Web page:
Revisiting Toy Story and toys
When my daughter was barely out of diapers, we left her baby brother home with dad and had our first mother-daughter date to see Toy Story 2. At the theatre, I treated her to popcorn, which I think was $3. I had to get her one of those booster seats so she could sit up and see. Even so, she climbed out of it into my lap a few times out of fear of Zurg. Afterwards, I took her out for her first Starbucks hot chocolate. With whipped cream, of course.
Back then, Andy was about to go off to Boy Scout Camp. Now, Andy’s off to college, and my daughter and her brother are also a few weeks away from their own sleep away camp adventure. Luckily, we still have their youngest brother around this summer. He wasn’t even a glint in our eyes when Toy Story 2 came out.
No booster seats were needed for this latest adventure with Woody, Buzz and the gang. My daughter, now 13, hasn’t sat in my lap in years and reached out for me only to plead for another handful of M&Ms. My sons preferred the popcorn. A large popcorn is now $8.
As I watched the movie, I thought of the speed at how my children are growing up, even my six-year-old son can no longer be classified as a baby, and wondered about the fate of all of their toys.
I remember even into to my tween years playing in the basement with my brother with all our toys. We would spend hours creating our own universe with classic 70’s play figures. Harrowing dramas would be played out among Weebles on their treasure island. The treasure Island with the plastic palm trees complete with a treehouse and hammock.
A nearby cruise ship – really one of my brother’s large dump trucks turned upside down, was about to sink, only with the Pirate Weebles nearby to save the passengers.
Old-school Fisher Price people – the kind today’s kids might choke on — were trapped in the elevator shaft of the Fisher Price multi-level car garage, the one with the rotating car platform on the top level. My brother would take a few fire trucks from his vast collection to save them lest the poor painted figure that was still made in the USA would be crushed! Somehow, a Barbie doll would always wind up unclothed and tied up, hanging precariously from my dad’s recliner. That was my brother’s doing. I think Luke and Leah flew in to her aid.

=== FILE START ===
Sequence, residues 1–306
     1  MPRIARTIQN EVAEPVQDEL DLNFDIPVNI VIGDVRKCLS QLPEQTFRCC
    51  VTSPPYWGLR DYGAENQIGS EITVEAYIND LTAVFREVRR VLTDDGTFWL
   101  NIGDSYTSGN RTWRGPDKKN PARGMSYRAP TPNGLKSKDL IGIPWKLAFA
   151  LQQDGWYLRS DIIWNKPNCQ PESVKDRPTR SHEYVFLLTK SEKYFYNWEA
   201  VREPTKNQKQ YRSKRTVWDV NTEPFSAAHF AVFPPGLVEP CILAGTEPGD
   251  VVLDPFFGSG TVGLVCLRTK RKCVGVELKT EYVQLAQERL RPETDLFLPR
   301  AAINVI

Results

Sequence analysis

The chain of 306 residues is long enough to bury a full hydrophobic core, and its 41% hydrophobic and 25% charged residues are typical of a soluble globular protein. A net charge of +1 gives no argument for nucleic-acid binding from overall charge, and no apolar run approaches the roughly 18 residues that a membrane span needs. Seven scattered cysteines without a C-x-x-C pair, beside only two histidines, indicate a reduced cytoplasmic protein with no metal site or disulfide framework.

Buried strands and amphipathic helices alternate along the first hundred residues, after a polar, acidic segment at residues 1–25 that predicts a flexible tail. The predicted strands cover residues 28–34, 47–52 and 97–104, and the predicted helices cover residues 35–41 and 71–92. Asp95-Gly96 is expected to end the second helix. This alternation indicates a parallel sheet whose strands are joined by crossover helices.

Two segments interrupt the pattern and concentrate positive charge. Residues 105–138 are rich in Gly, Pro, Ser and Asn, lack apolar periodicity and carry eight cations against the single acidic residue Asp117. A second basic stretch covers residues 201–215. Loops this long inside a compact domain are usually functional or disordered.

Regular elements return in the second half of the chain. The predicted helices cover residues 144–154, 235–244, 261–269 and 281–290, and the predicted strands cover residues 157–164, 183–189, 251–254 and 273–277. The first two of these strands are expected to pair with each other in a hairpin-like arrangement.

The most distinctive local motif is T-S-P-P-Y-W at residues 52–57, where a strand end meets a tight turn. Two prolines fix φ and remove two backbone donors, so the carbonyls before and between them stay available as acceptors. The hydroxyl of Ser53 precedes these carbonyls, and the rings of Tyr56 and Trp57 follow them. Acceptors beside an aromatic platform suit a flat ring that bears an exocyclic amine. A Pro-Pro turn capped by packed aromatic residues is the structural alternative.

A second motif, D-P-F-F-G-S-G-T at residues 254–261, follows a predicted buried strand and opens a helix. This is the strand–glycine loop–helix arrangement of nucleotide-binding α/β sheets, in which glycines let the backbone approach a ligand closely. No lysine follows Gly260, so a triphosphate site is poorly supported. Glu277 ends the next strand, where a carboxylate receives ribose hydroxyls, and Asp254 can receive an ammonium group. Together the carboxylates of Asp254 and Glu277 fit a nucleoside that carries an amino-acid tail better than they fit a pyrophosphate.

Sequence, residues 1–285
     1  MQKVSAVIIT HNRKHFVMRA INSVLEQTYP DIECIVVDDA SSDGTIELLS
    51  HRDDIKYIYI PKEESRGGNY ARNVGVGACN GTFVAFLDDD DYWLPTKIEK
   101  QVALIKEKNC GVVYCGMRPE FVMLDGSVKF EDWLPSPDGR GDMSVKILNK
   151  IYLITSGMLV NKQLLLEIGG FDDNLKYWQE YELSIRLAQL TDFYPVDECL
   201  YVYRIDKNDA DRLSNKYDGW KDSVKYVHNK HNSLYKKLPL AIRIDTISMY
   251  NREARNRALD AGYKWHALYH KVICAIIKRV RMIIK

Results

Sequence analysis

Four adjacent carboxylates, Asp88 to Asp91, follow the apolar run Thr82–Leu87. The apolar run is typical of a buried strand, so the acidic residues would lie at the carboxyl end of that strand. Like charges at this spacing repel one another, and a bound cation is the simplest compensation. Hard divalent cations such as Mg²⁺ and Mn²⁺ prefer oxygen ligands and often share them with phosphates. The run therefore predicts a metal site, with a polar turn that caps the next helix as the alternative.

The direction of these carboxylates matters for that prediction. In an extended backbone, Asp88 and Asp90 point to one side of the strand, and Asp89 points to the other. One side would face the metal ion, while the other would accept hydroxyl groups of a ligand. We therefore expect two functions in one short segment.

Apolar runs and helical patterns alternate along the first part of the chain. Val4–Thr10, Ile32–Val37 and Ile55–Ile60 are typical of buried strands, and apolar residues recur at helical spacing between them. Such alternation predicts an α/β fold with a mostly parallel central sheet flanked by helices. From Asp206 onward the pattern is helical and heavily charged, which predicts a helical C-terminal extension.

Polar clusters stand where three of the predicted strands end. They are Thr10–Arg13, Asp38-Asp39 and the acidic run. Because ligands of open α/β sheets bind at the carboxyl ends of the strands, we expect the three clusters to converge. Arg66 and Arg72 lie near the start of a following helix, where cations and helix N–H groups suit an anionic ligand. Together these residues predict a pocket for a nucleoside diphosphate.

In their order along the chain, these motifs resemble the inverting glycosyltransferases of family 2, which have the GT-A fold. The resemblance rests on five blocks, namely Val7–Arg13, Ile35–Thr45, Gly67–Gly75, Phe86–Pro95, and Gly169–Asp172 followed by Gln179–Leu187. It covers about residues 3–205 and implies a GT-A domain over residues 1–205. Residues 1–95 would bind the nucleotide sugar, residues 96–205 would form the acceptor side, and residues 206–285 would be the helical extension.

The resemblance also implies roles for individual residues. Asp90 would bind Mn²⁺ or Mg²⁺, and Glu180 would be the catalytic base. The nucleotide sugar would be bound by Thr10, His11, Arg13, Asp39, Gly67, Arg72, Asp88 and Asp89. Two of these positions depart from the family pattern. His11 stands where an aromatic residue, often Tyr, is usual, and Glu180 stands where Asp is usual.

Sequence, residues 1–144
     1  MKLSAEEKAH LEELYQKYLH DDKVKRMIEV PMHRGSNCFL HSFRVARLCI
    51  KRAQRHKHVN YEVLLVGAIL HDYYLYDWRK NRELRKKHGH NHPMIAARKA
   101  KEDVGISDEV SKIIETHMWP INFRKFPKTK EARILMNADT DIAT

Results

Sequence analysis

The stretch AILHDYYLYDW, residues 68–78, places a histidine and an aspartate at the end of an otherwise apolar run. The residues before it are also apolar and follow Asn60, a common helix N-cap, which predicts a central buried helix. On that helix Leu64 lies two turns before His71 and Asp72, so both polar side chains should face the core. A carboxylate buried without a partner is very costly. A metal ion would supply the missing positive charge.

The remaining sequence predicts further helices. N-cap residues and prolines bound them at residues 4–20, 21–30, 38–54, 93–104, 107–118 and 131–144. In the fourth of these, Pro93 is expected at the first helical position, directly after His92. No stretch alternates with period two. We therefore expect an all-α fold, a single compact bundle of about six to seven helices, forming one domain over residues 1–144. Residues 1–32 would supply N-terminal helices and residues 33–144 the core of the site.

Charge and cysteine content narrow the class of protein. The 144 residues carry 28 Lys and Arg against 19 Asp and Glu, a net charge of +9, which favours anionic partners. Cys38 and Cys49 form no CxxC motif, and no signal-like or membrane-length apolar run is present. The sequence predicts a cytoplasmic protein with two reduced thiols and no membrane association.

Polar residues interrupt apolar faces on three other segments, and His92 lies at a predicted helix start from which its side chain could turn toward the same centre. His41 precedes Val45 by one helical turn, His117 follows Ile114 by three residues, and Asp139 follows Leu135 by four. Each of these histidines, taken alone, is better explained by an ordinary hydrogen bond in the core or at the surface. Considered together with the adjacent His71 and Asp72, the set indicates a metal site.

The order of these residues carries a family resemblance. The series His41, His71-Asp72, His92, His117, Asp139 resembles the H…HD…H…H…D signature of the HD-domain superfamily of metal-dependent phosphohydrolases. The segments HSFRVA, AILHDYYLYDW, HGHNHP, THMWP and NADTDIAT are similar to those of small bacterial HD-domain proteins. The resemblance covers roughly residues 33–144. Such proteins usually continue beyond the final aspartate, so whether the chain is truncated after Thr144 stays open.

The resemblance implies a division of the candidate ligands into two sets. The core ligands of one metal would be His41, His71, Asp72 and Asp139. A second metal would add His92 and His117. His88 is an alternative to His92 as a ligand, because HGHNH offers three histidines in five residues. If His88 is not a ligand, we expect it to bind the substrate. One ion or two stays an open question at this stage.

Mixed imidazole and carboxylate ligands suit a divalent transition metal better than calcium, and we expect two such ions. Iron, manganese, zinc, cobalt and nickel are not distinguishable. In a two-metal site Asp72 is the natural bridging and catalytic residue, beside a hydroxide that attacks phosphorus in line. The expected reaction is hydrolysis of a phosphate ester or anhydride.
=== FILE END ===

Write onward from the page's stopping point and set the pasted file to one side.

And now? What do the makers of Toy Story 3 offer our children as a way to “play” with toys? In the 40-minute, commercial-filled video that preceded even the previews, to accompany the movie, there are not actual toys being marketed to our children, but a Toy Story 3 video game.
Yes, a video game where children can “play” with Jesse, Buzz, and Bullseye and create their own stories. The Toy Story 3 marketers know, and even mention in this commercial, that kids don’t really play with toys anymore. According to a January article in the New York Times, if our kids are awake, they are most likely looking at a screen. Why play with a plastic action figure, or slink a slinky down the stairs when you can do all that with the help of a mouse, or a joystick, or whatever contraption they use to move images on a screen these days?
Serving a rescued Barbie a tray of food in first class in her Barbie Friendship Cool Airplane – the one that came with its own food trolley — just seems like a lot more fun to me.
Kids, play with your toys. Even if you leave them all over the floor after you’re done.